Humans are part of nature so it is important to include a bit of the natural aspect into your tradition. Lopburi, Thailand has the tradition of preparing some food for the local monkeys that surround the town. From watermelons to lettuce and more, it is done to bring good luck not only to the people but also to gain favor from the monkeys who bring that luck to the region.
Image credits: Ajamalne
#7 Oaxaca, Mexico, Has A Massive Radish-Carving Festival During The Holiday Season
Radishes - we grow them in our gardens and most often buy them at the store when the appetite arises. In Oaxaca, Mexico, the radish-carving tradition dates back more than 120 years. Local people carve out figures and statues from the radishes they grow and display them to other locals and visitors of the region.
Image credits: AlejandroLinaresGarcia
#8 Polterabend In Germany
To add to the previously mentioned wedding traditions, Germany added a little bit of spice to the traditional way weddings are conducted. The day before the wedding is to happen, friends and family gather to smash different things on the floor of the happy couple. From plates to flowerpots, there are few things that are safe from destruction. After the mess is made, the soon-to-be newlywed couple clean everything up, setting a strong foundation for their future.
Image credits: Stefan-Xp
#9 The Mari Lwyd, Wales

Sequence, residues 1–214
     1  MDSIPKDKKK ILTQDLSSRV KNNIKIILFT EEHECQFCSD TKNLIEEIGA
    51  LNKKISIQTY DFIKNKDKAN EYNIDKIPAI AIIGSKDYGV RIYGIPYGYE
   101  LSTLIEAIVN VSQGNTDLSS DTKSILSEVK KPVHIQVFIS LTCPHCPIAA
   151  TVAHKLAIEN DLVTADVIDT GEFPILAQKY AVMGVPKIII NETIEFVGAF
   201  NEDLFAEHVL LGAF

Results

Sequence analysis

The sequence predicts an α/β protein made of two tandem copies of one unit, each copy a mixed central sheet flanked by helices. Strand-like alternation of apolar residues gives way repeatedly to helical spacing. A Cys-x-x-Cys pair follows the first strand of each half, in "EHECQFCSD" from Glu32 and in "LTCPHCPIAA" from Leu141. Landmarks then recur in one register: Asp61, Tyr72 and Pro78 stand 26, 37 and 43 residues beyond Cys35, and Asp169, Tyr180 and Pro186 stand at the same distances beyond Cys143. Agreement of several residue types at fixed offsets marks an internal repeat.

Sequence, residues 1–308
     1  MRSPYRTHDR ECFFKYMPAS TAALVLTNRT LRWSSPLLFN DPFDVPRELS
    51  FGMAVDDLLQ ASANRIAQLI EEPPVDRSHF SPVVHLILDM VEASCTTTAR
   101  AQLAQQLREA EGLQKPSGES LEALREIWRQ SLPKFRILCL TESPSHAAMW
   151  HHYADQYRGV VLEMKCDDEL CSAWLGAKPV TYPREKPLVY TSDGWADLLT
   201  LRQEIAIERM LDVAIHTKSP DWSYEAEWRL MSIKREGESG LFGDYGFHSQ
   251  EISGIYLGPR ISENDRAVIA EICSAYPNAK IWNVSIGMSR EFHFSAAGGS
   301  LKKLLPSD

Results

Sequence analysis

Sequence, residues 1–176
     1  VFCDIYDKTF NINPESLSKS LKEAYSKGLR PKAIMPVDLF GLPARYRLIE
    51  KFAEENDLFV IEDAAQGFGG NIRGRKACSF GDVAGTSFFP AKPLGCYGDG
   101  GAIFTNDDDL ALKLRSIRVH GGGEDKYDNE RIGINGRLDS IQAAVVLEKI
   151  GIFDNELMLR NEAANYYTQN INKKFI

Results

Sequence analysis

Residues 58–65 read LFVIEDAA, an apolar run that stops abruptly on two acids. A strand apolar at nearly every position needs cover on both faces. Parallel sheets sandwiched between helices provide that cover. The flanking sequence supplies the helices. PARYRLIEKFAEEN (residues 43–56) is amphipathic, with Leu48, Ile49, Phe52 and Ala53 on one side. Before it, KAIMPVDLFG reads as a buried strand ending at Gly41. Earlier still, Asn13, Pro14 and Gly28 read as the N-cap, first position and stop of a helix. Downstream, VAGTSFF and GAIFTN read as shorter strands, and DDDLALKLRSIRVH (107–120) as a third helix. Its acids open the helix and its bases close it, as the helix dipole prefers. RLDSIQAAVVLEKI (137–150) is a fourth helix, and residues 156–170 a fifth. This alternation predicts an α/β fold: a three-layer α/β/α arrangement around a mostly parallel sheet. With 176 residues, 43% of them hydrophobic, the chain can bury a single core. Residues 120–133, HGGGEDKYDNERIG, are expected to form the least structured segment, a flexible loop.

Welsh Christmas customs like the Mari Lwyd date back to the first half of the nineteenth century. A horse's skull is embellished, and it is then mounted on a broomstick. The skull seems like the head of some scary horse because the person holding the stick is draped in a sheet. The horse will stop and knock on every door before moving on. When a door is opened, the people who have gathered around the horse start singing and requesting admittance inside the house.
Image credits: R. fiend
#10 A Groundhog Predicts How Long Winter Will Last In The United States
Predicting the future is hard for people, no one can do it with 100 percent accuracy, but animals are more predictable. In the United States, groundhogs are said to predict the future of the winter season's end - if it’s going to stay a bit longer, most often six weeks, or if it’s going to give way for the upcoming spring. If the ceremonial hog sees a shadow, you're going to have to wait a bit longer for the warm weather.
Image credits: Anthony Quintano
#11 Buñol, Spain, Hosts A Massive Food Fight Where Overripe Tomatoes Are Used
Tomatoes have become a staple of many cuisines around the world, but the Spanish people have taken it to further levels. In the city of Buñol, there is an event where a fight about food happens, and the ammunition? Overripe tomatoes. A friendly fight, trucks are brought in with tomatoes and the ensuing chaos covers the people and the city overall in tomatoes.
Image credits: flydime
#12 If You’re Not Married On Your 25th Birthday, In Denmark You Might Be Doused In Cinnamon
With Denmark being on the straits separating the Atlantic Ocean and the Baltic sea, it was only normal that some amenities from the west would come there. The Danish adopted the spices into their tradition as a way to play a funny joke on the people. If you are not married by the time you're 25, expect some cinnamon to be thrown at you. If you are over 30, be ready for some black pepper to be thrown too.
#13 “Partita A Scacchi”, Marostica, Italy
Chess is a game of strategy and thinking, making it quite boring to some people. The northern Italian town of Marostica is extremely delighted to host a human chess game every two years in September. The custom has its roots in a narrative from the fifteenth century. A product of a love triangle, it is one of the most fun traditions to partake in.
Image credits: Patrick Keogh
#14 The Frog Dance (Små Grodorna), Sweden